News Local

Silver screen worship

COLIN MCKIM, THE PACKET AND TIMES

The Orillia Community Church is thinking outside the box office.

After years of operating in temporary quarters, such as school gymnasiums, the congregation is converting a downtown movie theatre into a permanent place of worship.

"It's a good use of an existing building," Michael Bells, pastor of Orillia Community Church, said this week.

Founded 10 years ago, the church had intended to build a contemporary facility on a 15- acre property in Severn Township.

"But when the opportunity came along downtown, everybody got excited," said Bells, who recently moved to Orillia from the Kitchener-Waterloo area.

The former Orillia Cinema 4 at 64 Colborne St. E. has been vacant since 2006.

After years of meeting in the gymnasium at Orillia Christian School, it will be wonderful for the congregation of more than 100 to have a dedicated space, Bells said.

Although the theatre seats have been removed, the four spaces originally used as theatres lend themselves nicely to the church's intentions.

The largest of the four theatres, when renovated, will eventually become the main place of worship.

Live music and video projections are a part of the Sunday worship service, so the big screen will come to life with images once again.

The other theatre spaces will be converted into a multi-purpose room, seminar room, lounge, nursery, kitchen and office space.

And the refreshment stand will be turned into a cafe. No popcorn, but lots of coffee.

The downtown location will allow the church to get involved in outreach programs for the less fortunate, Bells said.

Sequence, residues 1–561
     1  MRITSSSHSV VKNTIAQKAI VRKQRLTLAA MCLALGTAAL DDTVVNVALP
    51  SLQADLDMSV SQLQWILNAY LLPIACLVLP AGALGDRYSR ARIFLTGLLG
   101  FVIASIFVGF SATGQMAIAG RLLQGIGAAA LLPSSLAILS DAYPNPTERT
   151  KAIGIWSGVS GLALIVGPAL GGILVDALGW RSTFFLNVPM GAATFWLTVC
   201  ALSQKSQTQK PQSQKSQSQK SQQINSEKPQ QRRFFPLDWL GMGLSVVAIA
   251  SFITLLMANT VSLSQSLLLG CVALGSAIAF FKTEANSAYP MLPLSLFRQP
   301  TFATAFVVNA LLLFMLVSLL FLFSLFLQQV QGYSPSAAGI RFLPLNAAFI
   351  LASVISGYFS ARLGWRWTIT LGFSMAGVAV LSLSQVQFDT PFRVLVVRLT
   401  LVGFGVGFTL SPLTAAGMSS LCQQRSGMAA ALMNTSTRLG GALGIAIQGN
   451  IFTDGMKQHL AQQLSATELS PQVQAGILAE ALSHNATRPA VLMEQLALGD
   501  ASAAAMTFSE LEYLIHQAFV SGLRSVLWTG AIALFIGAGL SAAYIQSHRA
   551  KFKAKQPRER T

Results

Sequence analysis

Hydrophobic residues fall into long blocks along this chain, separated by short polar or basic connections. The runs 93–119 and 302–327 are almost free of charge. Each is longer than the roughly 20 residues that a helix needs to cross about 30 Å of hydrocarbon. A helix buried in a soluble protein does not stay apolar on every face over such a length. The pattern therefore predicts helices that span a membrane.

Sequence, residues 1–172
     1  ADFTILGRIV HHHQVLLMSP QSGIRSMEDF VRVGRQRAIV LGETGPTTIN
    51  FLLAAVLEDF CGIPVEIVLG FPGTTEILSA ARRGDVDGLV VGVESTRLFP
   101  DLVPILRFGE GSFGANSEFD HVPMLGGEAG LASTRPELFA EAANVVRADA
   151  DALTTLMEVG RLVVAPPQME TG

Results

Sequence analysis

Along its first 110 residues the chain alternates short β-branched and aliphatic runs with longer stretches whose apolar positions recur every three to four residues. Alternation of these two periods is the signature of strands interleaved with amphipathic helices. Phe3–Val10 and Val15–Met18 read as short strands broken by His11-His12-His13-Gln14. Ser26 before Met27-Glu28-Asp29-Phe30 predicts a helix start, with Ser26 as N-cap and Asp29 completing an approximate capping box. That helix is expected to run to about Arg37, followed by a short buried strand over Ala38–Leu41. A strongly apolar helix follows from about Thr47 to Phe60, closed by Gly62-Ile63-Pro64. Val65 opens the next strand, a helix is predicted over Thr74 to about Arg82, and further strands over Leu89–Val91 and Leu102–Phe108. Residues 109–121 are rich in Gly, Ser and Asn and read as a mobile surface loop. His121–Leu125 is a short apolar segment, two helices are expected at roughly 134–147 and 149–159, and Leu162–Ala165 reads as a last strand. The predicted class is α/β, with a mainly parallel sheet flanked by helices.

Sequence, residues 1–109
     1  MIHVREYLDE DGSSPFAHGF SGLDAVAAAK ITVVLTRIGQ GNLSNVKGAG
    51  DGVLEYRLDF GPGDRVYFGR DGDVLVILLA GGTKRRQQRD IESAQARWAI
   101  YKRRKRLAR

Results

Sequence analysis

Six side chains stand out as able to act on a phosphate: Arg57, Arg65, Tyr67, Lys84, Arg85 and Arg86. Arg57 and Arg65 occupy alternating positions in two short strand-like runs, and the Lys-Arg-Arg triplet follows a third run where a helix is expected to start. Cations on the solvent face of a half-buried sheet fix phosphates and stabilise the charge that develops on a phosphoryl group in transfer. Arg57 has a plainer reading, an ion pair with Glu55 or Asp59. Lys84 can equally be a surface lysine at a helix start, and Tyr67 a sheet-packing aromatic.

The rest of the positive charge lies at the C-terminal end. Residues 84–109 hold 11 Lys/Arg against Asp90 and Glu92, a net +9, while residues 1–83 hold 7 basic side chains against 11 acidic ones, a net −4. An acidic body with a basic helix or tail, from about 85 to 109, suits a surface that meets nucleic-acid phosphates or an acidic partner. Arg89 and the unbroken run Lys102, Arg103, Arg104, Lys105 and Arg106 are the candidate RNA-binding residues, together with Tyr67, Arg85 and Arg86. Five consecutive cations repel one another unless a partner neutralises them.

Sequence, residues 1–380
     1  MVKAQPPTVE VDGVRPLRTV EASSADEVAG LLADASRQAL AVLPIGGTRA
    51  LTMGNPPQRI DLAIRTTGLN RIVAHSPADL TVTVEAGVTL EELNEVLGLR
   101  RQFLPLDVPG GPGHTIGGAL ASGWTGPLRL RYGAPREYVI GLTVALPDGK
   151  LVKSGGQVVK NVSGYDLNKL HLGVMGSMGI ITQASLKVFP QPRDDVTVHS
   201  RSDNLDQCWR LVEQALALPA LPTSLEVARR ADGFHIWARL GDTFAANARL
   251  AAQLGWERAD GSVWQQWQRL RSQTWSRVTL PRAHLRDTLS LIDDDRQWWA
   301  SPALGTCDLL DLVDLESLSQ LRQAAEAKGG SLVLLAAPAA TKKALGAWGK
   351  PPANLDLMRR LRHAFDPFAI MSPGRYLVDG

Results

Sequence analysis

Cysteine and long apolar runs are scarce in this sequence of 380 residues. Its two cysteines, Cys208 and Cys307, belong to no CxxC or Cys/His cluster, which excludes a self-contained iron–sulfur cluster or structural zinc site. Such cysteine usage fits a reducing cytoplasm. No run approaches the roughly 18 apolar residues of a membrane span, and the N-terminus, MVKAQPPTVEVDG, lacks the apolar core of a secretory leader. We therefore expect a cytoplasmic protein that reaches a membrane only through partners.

"We'll probably work with groups that are already ministering to the poor. The best way to be effective is partner together."

Some parishioners have been giving support to downtown ministries, such as the Christian Lighthouse Mission men's shelter and soup kitchen, Bells noted.

An "Out of the Cold" program, providing a warm place to sleep for people on the streets on cold winter nights is another possibility, Bells said.

The church could also get involved in downtown events, such as the Beatles Festival, by screening a Beatles movie.

The evangelical church hopes to hold its first service in the former cinema by midsummer and complete the first phase of renovation by early September.

Bells is looking forward to putting the last chair away in the Orillia Christian School gymnasium for the last time.

Buying the church is the culmination of a lot of hard work by the congregation, Bells said.

"Everybody pulled together."



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